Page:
I often get questions from teacher, therapists, and music facilitators that have to do with helping their students, clients, and participants entrain to a pulse, otherwise called keeping a beat! With the recent rise in popularity of group drumming and drums as classroom, clinical, and recreational instruments, the need for strategies and techniques that help a group of participants find and keep that beat is on the rise. As it turns out, just having drums doesn’t endow someone with the ability to align with a beat. Who knew?
If you find yourself wondering how you can help your participants feel and align with a pulse, here are a few tips to help you do just that.
- Begin with the body.
Rhythm and drumming ability starts with the body and one’s personal ability to plan, initiate, and execute fine and gross motor movements. Beginning with receptive methods to rhythmic development, such as dance, is an important first step in reaching new levels of rhythmic acuity. Begin with large movements, such as walking, moving the arms, and bending at the hips and knees. Gradually work towards fine motor skills over time.
- Begin with the voice.
There’s a common saying that has been floating around drumming cultures for years: ‘If you can say it, you can play it.” While the origins of this saying are not clear, the message is. Begin with the voice and develop the capacity, through speech, to conceive of and produce rhythmic expressions. You can do this through re-creative, improvisational, and compositional experiences. Using the voice helps people connect to one of their “original” and “native” instruments and offers a way to practice rhythm making anywhere – anytime.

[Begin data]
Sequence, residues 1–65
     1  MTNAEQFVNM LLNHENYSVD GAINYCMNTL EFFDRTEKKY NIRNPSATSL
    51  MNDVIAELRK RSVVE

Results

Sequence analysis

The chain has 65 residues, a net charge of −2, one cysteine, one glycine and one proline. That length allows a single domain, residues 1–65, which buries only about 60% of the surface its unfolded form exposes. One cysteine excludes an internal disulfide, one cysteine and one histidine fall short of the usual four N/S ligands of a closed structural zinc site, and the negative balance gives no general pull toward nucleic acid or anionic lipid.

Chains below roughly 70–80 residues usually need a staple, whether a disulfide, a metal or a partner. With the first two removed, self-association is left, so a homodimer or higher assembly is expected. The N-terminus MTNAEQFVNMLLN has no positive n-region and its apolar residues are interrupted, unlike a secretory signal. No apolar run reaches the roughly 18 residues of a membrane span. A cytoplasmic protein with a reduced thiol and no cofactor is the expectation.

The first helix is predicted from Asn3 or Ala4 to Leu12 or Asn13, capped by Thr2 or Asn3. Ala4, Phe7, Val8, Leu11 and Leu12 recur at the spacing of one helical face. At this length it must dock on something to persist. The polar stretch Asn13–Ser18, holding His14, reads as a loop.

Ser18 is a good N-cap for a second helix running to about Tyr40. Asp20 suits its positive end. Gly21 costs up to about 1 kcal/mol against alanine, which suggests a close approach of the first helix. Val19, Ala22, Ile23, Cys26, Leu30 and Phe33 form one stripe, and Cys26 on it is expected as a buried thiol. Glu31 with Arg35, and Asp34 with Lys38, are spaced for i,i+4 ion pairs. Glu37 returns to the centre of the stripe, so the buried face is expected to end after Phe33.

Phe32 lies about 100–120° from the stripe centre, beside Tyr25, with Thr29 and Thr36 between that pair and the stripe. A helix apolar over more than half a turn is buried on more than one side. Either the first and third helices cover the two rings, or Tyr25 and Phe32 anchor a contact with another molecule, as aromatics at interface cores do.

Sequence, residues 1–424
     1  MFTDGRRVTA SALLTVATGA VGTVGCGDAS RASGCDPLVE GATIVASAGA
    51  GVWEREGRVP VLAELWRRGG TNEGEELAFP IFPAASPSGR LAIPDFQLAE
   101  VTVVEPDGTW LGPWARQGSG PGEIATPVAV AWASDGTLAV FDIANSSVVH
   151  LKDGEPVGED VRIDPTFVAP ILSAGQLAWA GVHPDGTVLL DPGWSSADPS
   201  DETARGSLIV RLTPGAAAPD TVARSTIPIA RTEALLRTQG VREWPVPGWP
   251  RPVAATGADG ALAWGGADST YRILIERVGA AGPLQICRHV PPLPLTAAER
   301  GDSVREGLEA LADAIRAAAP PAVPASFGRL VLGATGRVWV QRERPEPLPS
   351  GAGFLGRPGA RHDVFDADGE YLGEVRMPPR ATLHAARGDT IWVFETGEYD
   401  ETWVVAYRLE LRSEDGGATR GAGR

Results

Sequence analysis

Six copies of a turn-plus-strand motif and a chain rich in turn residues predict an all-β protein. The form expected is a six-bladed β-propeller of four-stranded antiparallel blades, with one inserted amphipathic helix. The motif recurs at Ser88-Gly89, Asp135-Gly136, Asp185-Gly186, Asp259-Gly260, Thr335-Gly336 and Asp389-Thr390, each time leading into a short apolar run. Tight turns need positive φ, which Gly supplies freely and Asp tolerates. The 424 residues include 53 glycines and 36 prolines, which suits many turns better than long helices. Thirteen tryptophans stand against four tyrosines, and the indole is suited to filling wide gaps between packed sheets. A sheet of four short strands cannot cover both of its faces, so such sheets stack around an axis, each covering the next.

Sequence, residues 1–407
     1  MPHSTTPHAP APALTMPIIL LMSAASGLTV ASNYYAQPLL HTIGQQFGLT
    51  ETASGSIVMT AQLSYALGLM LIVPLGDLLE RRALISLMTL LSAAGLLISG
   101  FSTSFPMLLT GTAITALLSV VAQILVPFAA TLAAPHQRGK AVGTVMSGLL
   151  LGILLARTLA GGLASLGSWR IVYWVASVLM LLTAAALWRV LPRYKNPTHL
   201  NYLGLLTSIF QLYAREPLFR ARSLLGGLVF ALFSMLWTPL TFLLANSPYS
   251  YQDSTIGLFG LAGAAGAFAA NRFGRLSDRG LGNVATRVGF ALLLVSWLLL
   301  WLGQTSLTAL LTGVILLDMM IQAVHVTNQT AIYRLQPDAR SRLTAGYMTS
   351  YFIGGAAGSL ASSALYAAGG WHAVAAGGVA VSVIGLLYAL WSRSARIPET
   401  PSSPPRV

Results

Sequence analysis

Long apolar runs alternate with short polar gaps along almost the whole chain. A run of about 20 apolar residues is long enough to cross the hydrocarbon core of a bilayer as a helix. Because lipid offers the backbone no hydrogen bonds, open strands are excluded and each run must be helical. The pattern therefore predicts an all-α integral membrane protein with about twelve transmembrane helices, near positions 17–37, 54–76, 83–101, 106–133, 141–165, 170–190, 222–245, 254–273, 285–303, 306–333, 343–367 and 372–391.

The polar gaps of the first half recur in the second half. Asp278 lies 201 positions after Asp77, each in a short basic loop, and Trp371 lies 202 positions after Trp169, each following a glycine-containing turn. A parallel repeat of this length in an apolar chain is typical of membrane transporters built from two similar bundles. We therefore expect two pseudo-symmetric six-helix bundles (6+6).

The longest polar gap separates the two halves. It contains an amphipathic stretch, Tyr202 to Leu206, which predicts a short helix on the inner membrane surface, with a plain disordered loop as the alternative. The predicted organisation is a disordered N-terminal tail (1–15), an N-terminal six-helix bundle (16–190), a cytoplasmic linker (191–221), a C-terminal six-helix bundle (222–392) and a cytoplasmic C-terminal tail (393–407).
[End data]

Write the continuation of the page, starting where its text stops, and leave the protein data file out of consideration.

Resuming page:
- Provide visual support.
Using a visual, such as a scarf, ribbon, or other manipulative, to act as a kind of ‘visual metronome’ can help people synchronize with the pulse and even complex rhythms. Even having someone look at someone else playing a drum, such as a bass drum played with a mallet or stick, can help provide enough visual input to tip them over the edge and help them fall into the ‘beat bucket.’
- Use verbal cues.
I’ve found it helpful to sit next to someone who is struggling to find the beat and provide verbal guidance in the form of “vocables,” non-word sounds that approximate drum sounds, such as ‘doum,’ and ‘pah.’ You can either do this yourself or have one of your stronger players provide some help to those who need it. Pairing students, clients, and participants has social benefits as well. Sometimes a little personal attention is just what someone needs. Care is taken to not single someone out or make them feel self-concious in that they are getting ‘help from the Teacher.’ Consider moving between players, giving verbal support when needed.
- Musicians Unite!
Begin with unified, rather than differentiated rhythms. There is strength in unity and the more players that are on a specific pulse or pattern, the more weight it carries. This weight is like rhythmic gravity that has the potential to draw players into orbit around the beat (commonly described as entrainment). Once players build up some skill and confidence, add complementary rhythms and more differentiation.